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I'm creating an FFI module to a library in C which wants a 1-time, non-reentrant function to be called before anything else is. This call is idempotent, but stateful, so I could just call it in every Haskell call. But it's slow and due to non-reentrancy it could cause conflicts.

So is this the right time to use unsafePerformIO? I could wrap a Bool in an unsafe IORef or MVar to make these initialization calls idempotent by ignoring subsequent calls (calls where the global, hidden IORef state is False).

If not, what is the right way to do this?

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1 Answer 1

up vote 8 down vote accepted

I prefer the approach of initializing once and providing an unforgeable token as evidence that you have initialized the machine.

So your evidence would be:

data Token = Token

which you export abstractly.

Then your initialization function can return this evidence.

init :: IO Token

Now, you need to pass that proof to your API:

bar  :: Token -> IO Int
bar !tok = c_call_bar

etc.

You can now wrap this stuff up with a monad , or some higher order initialization environment to make it cleaner, but that's the basic idea. With user-defined kinds you could make it so that you can't pass undefined as evidence.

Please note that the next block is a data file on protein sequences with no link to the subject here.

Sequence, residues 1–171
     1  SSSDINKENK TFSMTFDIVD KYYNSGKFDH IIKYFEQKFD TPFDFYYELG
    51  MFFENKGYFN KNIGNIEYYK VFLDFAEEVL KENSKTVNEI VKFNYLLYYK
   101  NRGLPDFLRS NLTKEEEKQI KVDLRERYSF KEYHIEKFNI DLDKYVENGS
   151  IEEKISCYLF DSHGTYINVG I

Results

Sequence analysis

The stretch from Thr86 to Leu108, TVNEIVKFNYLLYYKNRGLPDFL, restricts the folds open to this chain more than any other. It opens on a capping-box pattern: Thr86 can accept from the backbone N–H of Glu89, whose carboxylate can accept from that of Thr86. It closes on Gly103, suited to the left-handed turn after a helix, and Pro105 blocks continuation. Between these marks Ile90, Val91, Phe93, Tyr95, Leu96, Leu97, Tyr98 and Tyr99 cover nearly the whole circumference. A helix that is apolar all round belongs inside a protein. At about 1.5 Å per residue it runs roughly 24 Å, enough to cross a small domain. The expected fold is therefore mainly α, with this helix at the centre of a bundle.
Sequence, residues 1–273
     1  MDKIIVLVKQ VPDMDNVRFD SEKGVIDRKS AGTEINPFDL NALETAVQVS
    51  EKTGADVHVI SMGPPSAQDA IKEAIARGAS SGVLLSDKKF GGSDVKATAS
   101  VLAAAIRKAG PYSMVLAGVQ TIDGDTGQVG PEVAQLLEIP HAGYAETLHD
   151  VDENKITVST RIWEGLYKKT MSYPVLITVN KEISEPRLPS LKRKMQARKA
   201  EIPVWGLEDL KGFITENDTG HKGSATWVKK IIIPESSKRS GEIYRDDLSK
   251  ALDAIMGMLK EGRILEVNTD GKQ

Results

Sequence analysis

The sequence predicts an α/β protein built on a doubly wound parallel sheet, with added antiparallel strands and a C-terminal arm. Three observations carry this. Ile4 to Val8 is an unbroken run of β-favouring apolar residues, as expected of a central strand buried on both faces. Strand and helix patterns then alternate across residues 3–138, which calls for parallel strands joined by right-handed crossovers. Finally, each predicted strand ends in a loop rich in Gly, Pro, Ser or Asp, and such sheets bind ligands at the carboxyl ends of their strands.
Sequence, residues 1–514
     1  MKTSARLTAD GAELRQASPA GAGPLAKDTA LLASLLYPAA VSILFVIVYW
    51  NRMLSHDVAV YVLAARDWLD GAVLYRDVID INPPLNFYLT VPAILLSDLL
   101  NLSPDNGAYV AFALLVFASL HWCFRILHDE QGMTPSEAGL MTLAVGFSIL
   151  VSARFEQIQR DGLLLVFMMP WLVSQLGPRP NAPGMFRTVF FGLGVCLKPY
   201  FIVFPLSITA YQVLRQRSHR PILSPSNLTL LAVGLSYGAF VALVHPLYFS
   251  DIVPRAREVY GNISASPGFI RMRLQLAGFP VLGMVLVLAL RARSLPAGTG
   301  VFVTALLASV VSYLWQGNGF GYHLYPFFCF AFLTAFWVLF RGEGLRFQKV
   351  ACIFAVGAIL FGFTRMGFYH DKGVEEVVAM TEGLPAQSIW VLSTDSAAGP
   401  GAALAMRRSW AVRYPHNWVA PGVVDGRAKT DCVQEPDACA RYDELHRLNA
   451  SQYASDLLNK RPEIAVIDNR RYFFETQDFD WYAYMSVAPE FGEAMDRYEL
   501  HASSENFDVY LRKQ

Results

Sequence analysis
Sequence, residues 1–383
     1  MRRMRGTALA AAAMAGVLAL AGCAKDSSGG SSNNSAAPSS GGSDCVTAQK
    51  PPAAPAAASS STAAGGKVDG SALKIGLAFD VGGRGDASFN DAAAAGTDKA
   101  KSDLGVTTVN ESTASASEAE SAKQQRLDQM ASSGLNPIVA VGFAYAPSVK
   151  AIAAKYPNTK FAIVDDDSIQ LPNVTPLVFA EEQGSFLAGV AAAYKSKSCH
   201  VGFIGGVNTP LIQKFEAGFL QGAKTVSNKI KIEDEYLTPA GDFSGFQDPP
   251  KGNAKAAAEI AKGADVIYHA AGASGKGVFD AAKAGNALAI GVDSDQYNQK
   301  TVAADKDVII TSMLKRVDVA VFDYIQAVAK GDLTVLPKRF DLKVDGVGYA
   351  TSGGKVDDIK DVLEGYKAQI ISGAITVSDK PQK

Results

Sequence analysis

The problem with initializing C libraries using hidden state is that you end up either not being able to parallelize access to the library, or having problems in GHCi, mixing compiled and bytecode, with two different versions of the C library loaded (which will fail with a linker error).

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One alternative that has seen use is the withX wrapper around main. This gives no static guarentees, I'm just saying there's precedence (ex. withSocketsDo from the network package). –  Thomas M. DuBuisson Jan 3 '13 at 21:23
    
Ah yes, good point. Simpler than the withToken $ \t ->, but no guarantees. –  Don Stewart Jan 3 '13 at 21:26
    
Ahh, excellent! This is a much better solution. I had been worried about how the global state would interact with multithreading (is an unsafe'd MVar thread local, runtime local?). This also makes initialization failure localizable in the Haskell runtime instead of just implicit and hidden. –  J. Abrahamson Jan 3 '13 at 21:40

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